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where a two-dimensional observation geometry is assumed with r and s denoting spatial variables, and

Ω ⊂ R2is the region of support. Also, Y (r,s) and X(r,s) are the measured data and the unknown field

respectively. The observation kernel is denoted by a(r,s;r′,s′). In practice, the observations are often

a discrete sequence of measured data, {yi}m

field X(r,s) must be discretized. In what follows, it is assumed that the unknown field can be sufficiently

i=1. Furthermore, for a nonanalytical solution, the unknown

represented by a weighted sum of n basis functions {φj(r,s)}n

j=1as follows:

X(r,s) =

n

?

j=1

xjφj(r,s)

(2)

For instance, {φj(r,s)}n

dimensional array of square pixels. In that case, if a square g × f pixel array is used, then n=g · f and

the discretized field is completely described by the set of coefficients {xj}n

values. Collecting all the observations into a vector y of length m, and the unknown image coefficients

j=1are often chosen to be the set of unit height boxes corresponding to a two-

j=1, corresponding to the pixel

into a vector x of length n, results in the following observation model in form of a matrix equation:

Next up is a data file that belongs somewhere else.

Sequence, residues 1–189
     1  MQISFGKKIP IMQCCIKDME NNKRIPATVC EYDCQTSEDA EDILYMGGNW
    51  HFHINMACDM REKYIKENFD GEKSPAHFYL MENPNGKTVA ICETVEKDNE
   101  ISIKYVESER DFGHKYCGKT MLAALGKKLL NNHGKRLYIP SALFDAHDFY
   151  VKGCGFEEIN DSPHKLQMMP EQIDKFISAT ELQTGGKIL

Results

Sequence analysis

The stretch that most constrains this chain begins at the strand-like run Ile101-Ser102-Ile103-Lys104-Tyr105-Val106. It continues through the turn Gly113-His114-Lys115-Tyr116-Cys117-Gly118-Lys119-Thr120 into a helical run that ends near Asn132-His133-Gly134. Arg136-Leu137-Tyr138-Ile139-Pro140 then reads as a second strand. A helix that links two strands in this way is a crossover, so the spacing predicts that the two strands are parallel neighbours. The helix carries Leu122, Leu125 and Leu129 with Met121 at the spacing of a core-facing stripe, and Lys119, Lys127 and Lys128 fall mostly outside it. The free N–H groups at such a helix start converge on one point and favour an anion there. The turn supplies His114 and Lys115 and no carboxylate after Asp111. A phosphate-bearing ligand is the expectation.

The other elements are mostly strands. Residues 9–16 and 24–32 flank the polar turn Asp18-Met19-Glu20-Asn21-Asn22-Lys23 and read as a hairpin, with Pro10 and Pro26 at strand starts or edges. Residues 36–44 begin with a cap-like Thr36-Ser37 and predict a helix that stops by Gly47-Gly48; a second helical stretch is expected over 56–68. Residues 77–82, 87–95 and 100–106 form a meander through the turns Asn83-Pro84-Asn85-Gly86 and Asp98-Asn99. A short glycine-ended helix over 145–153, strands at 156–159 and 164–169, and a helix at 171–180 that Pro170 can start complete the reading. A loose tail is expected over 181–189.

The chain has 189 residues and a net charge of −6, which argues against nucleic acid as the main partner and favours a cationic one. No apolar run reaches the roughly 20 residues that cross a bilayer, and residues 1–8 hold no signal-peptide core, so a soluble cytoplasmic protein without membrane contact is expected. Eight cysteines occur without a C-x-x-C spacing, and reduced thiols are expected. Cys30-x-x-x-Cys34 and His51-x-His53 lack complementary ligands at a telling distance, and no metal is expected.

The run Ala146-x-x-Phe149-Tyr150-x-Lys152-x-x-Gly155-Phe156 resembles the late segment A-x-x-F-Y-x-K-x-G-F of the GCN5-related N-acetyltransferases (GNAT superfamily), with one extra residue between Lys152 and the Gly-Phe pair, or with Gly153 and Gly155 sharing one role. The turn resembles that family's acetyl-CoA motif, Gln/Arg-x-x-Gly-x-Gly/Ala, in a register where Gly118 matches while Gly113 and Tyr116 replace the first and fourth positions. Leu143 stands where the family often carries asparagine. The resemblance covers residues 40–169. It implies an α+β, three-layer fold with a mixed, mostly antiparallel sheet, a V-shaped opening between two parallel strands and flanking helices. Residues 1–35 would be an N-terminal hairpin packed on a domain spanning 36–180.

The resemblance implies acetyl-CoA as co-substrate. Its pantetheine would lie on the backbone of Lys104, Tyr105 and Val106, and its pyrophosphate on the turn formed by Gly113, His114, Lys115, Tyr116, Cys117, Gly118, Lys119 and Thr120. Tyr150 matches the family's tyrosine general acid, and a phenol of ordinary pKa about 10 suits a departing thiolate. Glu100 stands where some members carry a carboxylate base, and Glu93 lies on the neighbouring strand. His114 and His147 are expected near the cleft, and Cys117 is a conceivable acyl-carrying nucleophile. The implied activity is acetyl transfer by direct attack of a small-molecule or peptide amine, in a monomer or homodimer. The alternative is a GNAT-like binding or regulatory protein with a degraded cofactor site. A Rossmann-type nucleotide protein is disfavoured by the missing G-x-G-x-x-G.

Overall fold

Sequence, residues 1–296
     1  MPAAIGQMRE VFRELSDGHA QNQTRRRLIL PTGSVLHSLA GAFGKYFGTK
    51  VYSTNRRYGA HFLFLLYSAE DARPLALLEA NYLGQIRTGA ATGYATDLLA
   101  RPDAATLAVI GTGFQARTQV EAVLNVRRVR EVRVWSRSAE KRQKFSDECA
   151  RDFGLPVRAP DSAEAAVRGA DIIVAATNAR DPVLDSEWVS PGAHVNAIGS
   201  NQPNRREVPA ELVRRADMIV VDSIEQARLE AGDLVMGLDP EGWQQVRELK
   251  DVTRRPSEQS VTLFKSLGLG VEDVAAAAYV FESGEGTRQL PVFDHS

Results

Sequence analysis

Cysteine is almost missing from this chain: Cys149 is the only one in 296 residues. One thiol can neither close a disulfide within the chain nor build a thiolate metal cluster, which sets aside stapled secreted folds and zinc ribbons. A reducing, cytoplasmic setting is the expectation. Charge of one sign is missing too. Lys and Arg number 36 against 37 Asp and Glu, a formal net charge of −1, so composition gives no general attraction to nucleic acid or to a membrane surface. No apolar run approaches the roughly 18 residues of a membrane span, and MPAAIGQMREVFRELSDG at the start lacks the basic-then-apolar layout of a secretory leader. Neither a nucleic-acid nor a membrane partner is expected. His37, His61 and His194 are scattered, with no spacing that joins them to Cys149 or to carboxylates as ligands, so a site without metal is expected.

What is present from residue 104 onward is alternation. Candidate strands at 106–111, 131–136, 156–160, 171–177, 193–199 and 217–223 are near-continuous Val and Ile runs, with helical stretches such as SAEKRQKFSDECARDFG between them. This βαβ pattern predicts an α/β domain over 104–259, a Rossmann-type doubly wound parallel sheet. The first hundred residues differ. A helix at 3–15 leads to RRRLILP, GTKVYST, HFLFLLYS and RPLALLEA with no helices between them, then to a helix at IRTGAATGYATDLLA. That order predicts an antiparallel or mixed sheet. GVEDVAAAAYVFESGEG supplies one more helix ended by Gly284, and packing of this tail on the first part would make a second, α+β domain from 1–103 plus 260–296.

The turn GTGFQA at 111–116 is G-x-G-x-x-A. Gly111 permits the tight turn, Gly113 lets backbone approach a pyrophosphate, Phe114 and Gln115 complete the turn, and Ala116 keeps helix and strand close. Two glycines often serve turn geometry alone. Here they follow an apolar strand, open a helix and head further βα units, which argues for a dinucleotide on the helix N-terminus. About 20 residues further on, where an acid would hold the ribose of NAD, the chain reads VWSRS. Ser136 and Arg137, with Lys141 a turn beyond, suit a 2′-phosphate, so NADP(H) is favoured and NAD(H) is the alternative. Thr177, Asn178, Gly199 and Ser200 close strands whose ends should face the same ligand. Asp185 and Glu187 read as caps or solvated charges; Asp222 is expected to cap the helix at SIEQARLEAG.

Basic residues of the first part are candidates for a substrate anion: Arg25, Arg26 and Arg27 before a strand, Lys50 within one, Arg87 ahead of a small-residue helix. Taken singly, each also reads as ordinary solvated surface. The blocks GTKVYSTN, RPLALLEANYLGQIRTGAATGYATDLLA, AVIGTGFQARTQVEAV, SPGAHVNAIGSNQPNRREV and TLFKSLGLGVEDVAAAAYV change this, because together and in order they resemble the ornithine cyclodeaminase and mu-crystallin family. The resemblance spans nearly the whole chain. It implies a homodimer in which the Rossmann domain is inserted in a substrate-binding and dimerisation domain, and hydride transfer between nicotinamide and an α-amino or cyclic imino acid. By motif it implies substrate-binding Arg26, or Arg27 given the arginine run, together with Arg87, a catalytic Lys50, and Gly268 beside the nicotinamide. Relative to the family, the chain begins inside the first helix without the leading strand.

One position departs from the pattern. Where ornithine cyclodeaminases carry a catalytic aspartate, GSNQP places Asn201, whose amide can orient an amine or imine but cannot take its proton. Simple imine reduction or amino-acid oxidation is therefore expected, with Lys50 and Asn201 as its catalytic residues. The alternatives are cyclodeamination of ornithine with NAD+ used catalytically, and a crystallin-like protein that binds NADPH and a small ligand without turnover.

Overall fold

y = Ax + w

(3)

where w is the additive measurement noise that is assumed to be independent of x, and A ∈ Cm×n

where m ≥ n is the observation matrix, comprised of inner products of the basis functions with the

corresponding observation kernel:

(A)ij=

??

Ω

ai(r′,s′)φj(r′,s′)dr′ds′, 1 ≤ i ≤ m, 1 ≤ j ≤ n

(4)

where ai(r′,s′) = a(ri,si;r′,s′) denotes the kernel function corresponding to the i-th observation. In

case of image reconstruction from projection data, a ray is defined as a line running through the image

plane in the absence of diffraction and scattering effects. Let yibe the line integral measured by the i-th

ray. Then (A)ij is the weighting factor that represents the contribution of the j-th cell to the i-th ray

integral.

It is known that the placement of sensors affects the information content of the dataset and has

implications on the reconstruction quality. In [2], [3], this relationship is studied by considering the